“What we’re doing is a prelude to direct stem cell research. We hope to give potential stem cell therapies for brain trauma the best chance of success,” James says.

He and his team at the Australian Regenerative Medicine Institute at Monash University are studying nonhuman primates to understand how to create the best environments for repair after brain injury. Continue reading Building tools for brain repair

“Who will help me?”

People suffering from serious illnesses are turning to unproven and risky stem cell therapies in growing numbers. Researchers are trying to understand why—and how to provide better information and support.

Stem cells have been saving lives for decades, largely through bone marrow and cord blood transplants treating leukaemia and other blood diseases. Unproven treatments are booming, however, with clinics in Australia and around the world spruiking cures for conditions from osteoarthritis and MS to dementia and diabetes.

Associate Professor Megan Munsie and her colleagues in Stem Cells Australia’s Engagement, Ethics and Policy Program have heard many tales of patients spending thousands of dollars on treatments that often have no benefit and may be harmful or even deadly. Continue reading “Who will help me?”

Gravitational waves—looking further

The brainpower of 18 institutions and more than $30 million are expanding the net to detect gravitational waves—disturbances in the fabric of spacetime—and cement Australia’s role in the emerging field.

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Growing food and stopping floods with rain gardens

Small urban ‘rain gardens’ are popping up all around Australia and Indonesia to keep waterways free from pollutants, stop flooding and erosion, and to grow food.

Although they may look similar to a normal garden, beneath the surface rain gardens are a sandwich of layers of sand, gravel, roots and microbes through which polluted water passes and clean water exits, which can then be used for irrigation or washing.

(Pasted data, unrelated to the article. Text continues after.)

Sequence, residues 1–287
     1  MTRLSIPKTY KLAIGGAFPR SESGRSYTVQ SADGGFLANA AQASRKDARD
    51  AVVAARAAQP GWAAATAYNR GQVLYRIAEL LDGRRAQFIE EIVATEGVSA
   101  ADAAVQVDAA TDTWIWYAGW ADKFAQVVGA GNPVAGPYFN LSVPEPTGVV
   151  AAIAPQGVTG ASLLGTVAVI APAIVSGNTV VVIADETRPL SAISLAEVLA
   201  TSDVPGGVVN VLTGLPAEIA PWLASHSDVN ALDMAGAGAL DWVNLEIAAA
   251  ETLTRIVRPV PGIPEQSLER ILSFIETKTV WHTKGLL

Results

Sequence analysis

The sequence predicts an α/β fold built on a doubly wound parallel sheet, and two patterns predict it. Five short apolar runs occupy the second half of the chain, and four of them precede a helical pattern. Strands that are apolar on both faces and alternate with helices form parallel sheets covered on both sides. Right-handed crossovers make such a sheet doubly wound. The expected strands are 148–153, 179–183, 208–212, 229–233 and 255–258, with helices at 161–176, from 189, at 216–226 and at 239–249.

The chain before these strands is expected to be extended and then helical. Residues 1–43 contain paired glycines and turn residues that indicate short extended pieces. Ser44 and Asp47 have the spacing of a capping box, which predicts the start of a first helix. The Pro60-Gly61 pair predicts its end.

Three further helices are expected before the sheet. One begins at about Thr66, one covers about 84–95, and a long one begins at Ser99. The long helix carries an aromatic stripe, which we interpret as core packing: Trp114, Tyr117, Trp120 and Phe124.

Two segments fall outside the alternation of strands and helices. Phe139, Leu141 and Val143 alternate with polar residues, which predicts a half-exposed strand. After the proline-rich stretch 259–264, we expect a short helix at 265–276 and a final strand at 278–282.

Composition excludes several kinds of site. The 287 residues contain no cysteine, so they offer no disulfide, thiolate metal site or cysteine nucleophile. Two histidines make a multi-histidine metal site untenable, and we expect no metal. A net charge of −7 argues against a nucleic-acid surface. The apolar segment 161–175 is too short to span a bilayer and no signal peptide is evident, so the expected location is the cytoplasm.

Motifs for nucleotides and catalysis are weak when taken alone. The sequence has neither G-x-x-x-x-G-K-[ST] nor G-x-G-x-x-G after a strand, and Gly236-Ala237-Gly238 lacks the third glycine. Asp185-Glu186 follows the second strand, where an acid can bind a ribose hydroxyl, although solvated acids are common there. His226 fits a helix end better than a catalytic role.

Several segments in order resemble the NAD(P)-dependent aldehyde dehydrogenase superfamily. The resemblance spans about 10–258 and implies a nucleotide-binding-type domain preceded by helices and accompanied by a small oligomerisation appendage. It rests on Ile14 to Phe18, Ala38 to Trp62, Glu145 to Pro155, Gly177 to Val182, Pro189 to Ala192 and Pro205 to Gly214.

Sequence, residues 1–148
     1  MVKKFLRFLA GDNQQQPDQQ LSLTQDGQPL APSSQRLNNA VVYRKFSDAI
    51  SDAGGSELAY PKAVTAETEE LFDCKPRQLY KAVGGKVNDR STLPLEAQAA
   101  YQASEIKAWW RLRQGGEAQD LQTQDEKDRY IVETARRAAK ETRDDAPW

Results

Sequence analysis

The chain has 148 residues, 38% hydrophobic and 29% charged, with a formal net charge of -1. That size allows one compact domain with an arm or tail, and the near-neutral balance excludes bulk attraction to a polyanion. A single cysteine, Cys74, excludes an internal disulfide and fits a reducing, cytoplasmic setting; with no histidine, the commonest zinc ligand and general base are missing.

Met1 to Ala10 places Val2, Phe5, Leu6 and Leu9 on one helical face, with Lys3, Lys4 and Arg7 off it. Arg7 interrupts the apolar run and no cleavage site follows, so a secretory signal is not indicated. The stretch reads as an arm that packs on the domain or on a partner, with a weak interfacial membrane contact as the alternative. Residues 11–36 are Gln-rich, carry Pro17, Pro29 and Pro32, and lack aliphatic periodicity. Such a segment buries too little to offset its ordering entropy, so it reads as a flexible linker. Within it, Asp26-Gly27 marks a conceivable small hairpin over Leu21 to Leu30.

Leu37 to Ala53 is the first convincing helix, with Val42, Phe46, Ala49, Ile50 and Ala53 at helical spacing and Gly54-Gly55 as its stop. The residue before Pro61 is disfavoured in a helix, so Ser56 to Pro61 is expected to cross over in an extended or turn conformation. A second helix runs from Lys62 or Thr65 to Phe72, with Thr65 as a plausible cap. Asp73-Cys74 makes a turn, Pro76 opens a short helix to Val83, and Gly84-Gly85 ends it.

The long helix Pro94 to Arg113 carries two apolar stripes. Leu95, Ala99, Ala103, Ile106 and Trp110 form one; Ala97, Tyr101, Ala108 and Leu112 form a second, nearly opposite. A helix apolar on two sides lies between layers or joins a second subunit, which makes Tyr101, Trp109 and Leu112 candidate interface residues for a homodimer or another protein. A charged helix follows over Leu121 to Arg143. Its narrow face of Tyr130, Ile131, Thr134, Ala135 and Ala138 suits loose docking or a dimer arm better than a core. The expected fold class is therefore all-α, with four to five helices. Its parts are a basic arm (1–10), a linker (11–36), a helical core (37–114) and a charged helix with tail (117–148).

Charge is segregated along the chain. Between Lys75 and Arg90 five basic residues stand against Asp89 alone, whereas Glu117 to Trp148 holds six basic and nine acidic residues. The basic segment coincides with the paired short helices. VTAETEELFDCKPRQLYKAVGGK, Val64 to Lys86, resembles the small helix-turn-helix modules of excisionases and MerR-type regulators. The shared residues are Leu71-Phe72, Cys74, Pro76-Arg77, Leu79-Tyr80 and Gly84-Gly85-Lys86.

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Predicting fire, flood, and food shortages

In lands ‘of droughts and flooding rains,’ predicting the weather means saving both lives and livelihoods.

The work of Indonesian and Australian scientists, which began with a visit to Jakarta in 1981 by climate scientist Professor Neville Nicholls, has given the countries the ability to forecast rain in the dry season, and during the lead up to the wet season. This means the fires, haze, and food shortages that often go hand in hand with droughts can be predicted—and planned for.

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Riding the rails to an efficient freight system

From 2016 a specially-equipped standard railcar will be rocking and rolling along the tracks of East Java. It will have carefully positioned sensors to detect its movement during normal operation, including its displacement and vibration.

The railcar instrumentation has been designed by Monash University’s Institute of Rail Technology to provide data on the condition of the track. This will allow engineers to accurately estimate safe loads and running speeds.